If you want to implement a security measure, you need to know what you secure yourself against. In this case, you want to secure yourself against a Man-in-the-Middle attack.
As you said yourself, a change of IP address is not a good indicator for that, for actually two reasons:
- There are many reasons why an IP address would change for legitimate reasons, such as the user gaining or losing a Wi-Fi connection, the user connecting to a VPN, etc. As such, this alone is a really bad indicator for an attack.
- For the detection to work, it assumes that a user first starts a session on their own, and is then intercepted by the Man-in-the-Middle. If your user is already being intercepted, the IP of the Man-in-the-Middle is the only IP you will ever see.
As such, this security measure is rather prone to false-positives and false-negatives, making it rather unreliable.
But there is a security measure employed by Google that works in a similar way. It detects the usual behavior patterns of a user, such as the usual locations and IP address ranges they connect from. Should a login deviate from this pattern, a security alert is triggered.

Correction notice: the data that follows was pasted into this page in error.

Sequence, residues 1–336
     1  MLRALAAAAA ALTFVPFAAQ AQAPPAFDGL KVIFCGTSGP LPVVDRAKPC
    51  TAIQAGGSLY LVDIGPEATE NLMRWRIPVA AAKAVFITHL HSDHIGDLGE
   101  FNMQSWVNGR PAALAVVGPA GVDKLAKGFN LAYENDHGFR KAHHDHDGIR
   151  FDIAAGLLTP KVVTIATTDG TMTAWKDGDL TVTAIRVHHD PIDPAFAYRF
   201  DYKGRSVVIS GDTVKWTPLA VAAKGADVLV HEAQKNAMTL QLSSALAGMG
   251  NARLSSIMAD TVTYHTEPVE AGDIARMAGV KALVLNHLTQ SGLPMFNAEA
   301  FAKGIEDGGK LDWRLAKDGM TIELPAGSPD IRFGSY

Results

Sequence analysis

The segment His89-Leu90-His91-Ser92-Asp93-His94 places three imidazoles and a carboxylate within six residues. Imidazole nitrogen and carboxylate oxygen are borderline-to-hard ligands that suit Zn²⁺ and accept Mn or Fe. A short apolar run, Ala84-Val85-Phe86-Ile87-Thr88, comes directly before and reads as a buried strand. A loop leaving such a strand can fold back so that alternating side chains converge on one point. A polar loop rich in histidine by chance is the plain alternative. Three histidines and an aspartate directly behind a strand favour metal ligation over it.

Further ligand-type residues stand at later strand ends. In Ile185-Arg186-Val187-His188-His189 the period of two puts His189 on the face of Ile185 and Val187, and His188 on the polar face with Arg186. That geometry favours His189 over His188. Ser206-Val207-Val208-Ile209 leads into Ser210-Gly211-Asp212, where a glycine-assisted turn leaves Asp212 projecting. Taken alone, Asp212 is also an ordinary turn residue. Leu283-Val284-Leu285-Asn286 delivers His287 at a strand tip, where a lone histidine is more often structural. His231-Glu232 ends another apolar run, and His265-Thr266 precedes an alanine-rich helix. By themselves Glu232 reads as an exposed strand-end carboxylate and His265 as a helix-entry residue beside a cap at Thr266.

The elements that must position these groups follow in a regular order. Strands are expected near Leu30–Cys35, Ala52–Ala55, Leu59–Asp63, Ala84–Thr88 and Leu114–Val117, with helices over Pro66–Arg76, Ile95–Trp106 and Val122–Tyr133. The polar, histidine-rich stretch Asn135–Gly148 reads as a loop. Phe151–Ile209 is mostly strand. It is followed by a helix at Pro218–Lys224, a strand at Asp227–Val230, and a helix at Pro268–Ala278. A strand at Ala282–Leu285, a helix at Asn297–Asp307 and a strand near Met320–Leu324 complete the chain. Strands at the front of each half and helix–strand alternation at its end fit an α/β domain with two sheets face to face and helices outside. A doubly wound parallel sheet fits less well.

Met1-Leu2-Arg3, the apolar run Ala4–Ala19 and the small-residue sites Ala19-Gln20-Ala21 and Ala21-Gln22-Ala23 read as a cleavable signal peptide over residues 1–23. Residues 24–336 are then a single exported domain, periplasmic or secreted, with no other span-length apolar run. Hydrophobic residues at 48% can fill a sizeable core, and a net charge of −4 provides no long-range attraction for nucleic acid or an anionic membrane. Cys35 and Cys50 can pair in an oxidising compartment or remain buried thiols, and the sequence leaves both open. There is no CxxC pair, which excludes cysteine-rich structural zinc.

This is most prominent when users want to check their emails on vacation or similar, but can truly be an indicator of possible compromise if the user's regular usage patterns are clearly established.
This should be an example as to how information from IP addresses (and other sources) can be used to analyze behavior and thus detect anomalies. Anomaly Detection is a field all on it's own, so don't expect a comprehensive introduction in one paragraph. This example should merely serve illustrative purposes.